In this course we study advanced data structures for the analysis of genomic sequences, and in general, of textual data.
Knowledge and understanding: The course provides an understanding of the basic challenges and fundamental issues in processing textual data such as genomic sequences; knowledge of some of the most common computational problems on strings and sequences in genomic data analysis and other applications; familiarity with the most important text indices and their use in solving these problems, including complexity analysis (time and space).
Applying knowledge and understanding: At the end of the course the student will be able to translate typical problems of genomic sequence analysis in operations and algorithms on textual data and evaluate the computational cost incurred.
Making judgements: At the end of the course the student will be able to judge whether a given algorithm or data structure is appropriate for the problem at hand, including the evaluation of the computational cost incurred.
Communication: At the end of the course the student will be able to correctly formalize algorithms on sequences with or without the use of advanced text data structures.
Lifelong learning skills: At the end of the course the student will be able to read and understand independently scientific articles and specialized texts which use advanced string data structures for the analysis of genomic sequences or other textual data.
In recent years, we have seen vast progress of research in computational biology, in which the use of dedicated data structures for genomic sequences, and other types of biological sequence data, has been decisive. At the same time, these methods can be, and are being, applied to all other kinds of textual data.
The recent explosion of the amounts of data available ("big data") is one of the major challenges for computer science today. Much of this data is in form of text (or can be easily rendered in textual form): genomic sequences and other biological sequences, webpages, emails, scanned books, musical data, and many others. In order to be able to efficiently store, process, and extract information from this data, we need dedicated data structures and algorithms, i.e. data structures specifically developed for strings, also referred to as text indices.
Program of the course:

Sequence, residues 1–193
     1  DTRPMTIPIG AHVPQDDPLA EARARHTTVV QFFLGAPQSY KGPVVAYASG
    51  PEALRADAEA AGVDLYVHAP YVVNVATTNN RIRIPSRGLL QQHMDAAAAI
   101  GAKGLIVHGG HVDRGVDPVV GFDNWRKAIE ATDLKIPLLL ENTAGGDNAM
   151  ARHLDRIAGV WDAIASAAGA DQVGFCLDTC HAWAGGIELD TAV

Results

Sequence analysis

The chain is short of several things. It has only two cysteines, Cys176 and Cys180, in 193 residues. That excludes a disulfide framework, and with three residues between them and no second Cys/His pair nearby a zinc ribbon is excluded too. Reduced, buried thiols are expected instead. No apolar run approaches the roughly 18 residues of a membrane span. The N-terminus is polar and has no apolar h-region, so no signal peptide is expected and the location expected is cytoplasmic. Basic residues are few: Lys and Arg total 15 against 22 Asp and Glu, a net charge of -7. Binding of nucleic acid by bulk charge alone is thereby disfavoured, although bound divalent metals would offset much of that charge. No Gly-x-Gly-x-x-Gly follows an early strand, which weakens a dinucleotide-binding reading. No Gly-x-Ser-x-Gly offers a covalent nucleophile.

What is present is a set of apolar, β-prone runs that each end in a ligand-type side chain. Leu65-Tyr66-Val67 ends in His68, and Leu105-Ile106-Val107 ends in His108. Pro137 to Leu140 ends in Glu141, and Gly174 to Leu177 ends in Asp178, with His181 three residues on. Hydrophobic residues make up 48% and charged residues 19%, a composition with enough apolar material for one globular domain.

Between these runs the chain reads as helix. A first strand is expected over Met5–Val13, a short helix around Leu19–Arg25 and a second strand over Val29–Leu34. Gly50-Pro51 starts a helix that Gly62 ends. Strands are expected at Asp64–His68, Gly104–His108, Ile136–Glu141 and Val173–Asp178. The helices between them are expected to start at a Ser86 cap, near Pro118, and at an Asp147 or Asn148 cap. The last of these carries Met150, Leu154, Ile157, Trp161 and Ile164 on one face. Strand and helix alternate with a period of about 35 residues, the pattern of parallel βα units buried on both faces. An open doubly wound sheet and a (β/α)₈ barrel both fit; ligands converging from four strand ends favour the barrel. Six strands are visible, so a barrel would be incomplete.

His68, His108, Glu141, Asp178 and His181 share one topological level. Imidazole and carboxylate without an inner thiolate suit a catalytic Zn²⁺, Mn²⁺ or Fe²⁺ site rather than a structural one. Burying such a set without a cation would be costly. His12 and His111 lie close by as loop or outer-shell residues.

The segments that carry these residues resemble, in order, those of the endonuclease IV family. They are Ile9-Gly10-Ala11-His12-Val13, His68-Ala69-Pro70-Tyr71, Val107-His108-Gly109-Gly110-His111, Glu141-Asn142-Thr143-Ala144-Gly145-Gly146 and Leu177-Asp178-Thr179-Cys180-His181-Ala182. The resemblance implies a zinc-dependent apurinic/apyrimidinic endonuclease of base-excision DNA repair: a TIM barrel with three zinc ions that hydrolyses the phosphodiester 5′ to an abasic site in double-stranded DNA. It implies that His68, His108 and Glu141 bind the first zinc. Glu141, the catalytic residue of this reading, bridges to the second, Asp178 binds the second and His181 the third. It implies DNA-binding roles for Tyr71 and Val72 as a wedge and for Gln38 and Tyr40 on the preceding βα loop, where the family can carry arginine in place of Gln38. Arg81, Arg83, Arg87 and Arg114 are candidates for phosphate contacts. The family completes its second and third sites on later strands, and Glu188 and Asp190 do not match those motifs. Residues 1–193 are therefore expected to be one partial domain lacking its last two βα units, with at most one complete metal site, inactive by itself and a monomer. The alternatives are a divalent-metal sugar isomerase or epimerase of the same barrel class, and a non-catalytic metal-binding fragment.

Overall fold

1) introduction to strings (sequences), their basic properties and fundamental issues: alphabet size, character comparison, string sorting
2) classical exact pattern matching algorithms (non index-based): Knuth-Morris-Pratt, Boyer-Moore, Rabin-Karp, Aho-Corasick
3) Text indices I:
- suffix trees
4) Text indices II:
- suffix arrays, enhanced suffix arrays
- Burrows-Wheeler Transform (BWT)
For each of these text indices, we will study their properties, efficient construction, and applications to specific string problems.
No previous knowledge of biology is necessary for following the course.
|Dan Gusfield||Algorithms on Strings, Trees, and Sequences||Cambridge University Press||1997||0 521 58519 8|
|Enno Ohlebusch||Bioinformatics Algorithms||2013||978-3-00-041316-2|
|Maxime Crochemore and Wojciech Rytter||Jewels of Stringology||World Scientific||2003||981-02-4782-6|
Final exam: written and oral. In the written exam, both theoretical questions will be asked (running times and storage space of algorithms, properties of the data structures studied), and concrete examples will have to be solved (compute the suffix tree, suffix array, BWT etc. of a given string, apply certain algorithms). In the oral exam, the student will have the opportunity to explain in detail his/her solution and show to what extent he/she has understood the topics studied.
The exam will show that the student
- has acquired sufficient understanding of the most important issues with respect to handling large textual data (alphabet type, comparison of strings, string sorting, size of textual data)
- can apply, explain, and analyze the algorithms studied for non-index based pattern matching
- can apply, explain, and analyze the data structures studied, in particular construction algorithms for and storage space required by these data structures (inverted index, trie, suffix tree, suffix array, BWT)
- can apply, explain, and analyze some applications of these data structures to problems on strings, such as pattern matching, matching statistics, palindromes, etc.
The exam is the same for all students (whether or not they followed the lectures).